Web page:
Somewhere high in the Rocky Mountains lies traces of a roaring campfire with remnants of an ex-boyfriend’s shirt and memories of an epic girl party.
The moon was satisfied and full on a summer night when two girlfriends and I ventured into the woods to embrace good times and let go of other times. It was a night that was spirited with wine and jubilant energy under the glow of a heart-stirring Colorado sea of stars.
‘Twas a night of redemption and lady-power, a declaration of new beginnings and freedom from past mistakes. If you are suddenly picturing three jaded man-haters spinning yarn as they stroke many a pet cat, know this wasn’t the situation. For this night wasn’t about ex-boyfriends—or men at all for that matter.
Letting It Go
Learning to let go has become a trend in pop culture, made viral in recent years by an actual Disney princess. If you are currently singing “Let it Go” in your head, I applaud your decision as I am too—and still do, when life takes a twist, forcing those wise words from the enlightened frosty queen to come into play.
But what does letting it go actually mean? Sure, it’s easy to sing away our troubles, but what happens when the music stops? When those uncomfortable feelings become the rock in our shoe reminding us that we have not actually let it go.
It wasn’t our ex-boyfriends who were holding us back—each of us was over our respective person—it was what they represented. It was the stickier times in life, when things got tangled, and black and white became grey. It was the personal lessons they taught that we still hadn’t learned. The times when feelings of insecurity, inadequacy, betrayal, and distrust had first been lit and left our souls a bit burnt. The leftover traumas that we were still wearing like old, comfortable, ratty t-shirts, unintentionally introducing them to our present relationships, friendships, and even our work lives.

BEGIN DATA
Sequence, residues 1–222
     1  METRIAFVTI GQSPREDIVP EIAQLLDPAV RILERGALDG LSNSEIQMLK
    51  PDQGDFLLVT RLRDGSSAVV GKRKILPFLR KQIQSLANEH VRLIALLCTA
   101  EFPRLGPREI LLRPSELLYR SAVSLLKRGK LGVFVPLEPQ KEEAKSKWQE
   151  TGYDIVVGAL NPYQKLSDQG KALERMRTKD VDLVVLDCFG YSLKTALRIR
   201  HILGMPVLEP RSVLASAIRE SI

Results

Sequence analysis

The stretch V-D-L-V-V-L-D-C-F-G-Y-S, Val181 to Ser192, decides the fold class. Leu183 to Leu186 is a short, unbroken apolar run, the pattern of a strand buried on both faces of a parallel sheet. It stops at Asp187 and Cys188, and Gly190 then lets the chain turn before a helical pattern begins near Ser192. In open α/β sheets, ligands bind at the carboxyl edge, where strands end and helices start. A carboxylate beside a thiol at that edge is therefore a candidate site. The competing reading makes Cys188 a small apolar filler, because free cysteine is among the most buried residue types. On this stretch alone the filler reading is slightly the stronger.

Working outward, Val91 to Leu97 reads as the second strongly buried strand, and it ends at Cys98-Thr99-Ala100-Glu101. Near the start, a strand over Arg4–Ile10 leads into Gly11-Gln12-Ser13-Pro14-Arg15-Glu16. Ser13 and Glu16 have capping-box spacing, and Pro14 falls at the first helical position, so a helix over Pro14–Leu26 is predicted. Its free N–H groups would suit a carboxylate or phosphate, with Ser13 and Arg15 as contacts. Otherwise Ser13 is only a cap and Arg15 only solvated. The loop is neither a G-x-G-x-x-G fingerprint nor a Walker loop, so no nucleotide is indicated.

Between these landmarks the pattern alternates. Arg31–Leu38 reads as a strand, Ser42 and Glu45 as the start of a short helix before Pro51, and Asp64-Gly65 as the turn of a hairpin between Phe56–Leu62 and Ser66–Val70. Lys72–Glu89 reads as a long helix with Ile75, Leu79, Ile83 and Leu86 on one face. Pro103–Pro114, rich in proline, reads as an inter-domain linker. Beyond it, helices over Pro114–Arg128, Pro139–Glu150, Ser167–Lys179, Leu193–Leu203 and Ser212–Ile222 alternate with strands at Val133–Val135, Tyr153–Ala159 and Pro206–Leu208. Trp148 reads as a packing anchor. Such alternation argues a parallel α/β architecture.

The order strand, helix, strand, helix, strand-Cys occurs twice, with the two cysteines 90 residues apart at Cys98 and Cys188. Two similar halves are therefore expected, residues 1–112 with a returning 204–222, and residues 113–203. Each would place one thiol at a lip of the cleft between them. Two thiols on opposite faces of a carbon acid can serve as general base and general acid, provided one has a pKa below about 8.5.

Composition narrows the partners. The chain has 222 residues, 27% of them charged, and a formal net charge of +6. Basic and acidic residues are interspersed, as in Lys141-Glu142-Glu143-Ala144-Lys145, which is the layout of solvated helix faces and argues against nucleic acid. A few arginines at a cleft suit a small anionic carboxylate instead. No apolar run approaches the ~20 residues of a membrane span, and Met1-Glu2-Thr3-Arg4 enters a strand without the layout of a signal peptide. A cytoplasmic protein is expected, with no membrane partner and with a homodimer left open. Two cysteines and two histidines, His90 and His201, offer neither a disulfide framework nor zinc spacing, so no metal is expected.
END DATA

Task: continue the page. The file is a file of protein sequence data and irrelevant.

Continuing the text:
I once read somewhere that “we repeat what we haven’t repaired.” We were ready to not just let go, but to repair, heal, and fully move on.
To be burned in life is to be human. Letting go needs an equally as flammable moment.
Burning our own “Man”
For our camping adventure, I asked my sweet lady friends to bring boxes filled with their past, with items that they felt most symbolized the cords that hadn’t been cut. While the boxes were light in weight, what was in them held meaning.
Each girl also came with an intention, something specific they wanted to let go of. We spoke our intentions aloud before placing the items, and our symbolic hurt, into the fire. Then we paired those ashes with loud cheers and some fabulous dancing.
The same fire that once burnt us, now fueled us.
(And yes, an ex or two had their shirts sacrificed in the process. Why we still had them? Don’t ask, it’s a girl thing…)
Every person in our lives is there for a reason. The question is, will we notice the gift of their presence? And once we figure out what that reason is, we need to decide how we will let the things we attach ourselves to affect us.
Igniting our own Light
If you are in need of a more ceremonious release—your own personal Burning Man—from your inner demons, I strongly suggest starting with a powerful intention that really resonates with you.
Understand what it is that you are burning and ridding from your life, and also what it is that you desire and want more of. Focus your intention on the good change, not the devils of the past. This may require some prior self-reflection, so try to determine what unhealthy patterns keep showing up—and don’t be afraid to get deep. The more real we are with ourselves, the better chance we have to release what’s holding us back so we can move forward.
Also, have the courage to ask for help. Consult those you trust for insight, and get vocal about your intention. Our personal growth is nothing to be ashamed of, and we should be proud of ourselves for taking action to change our story. This also ensures that we have a cheerleader and can be a cheerleader to others.
Lastly, don’t forget to have a good time. This is not about reliving the past—this is about finding grace, forgiving, and empowering ourselves.
Let the fire fuel you, not burn you.
Author: Elizabeth Drolet
Image: Author’s own; Joshua Earle/Unsplash
Editor: Nicole Cameron
Copy Editor: Travis May
Social Editor: Catherine Monkman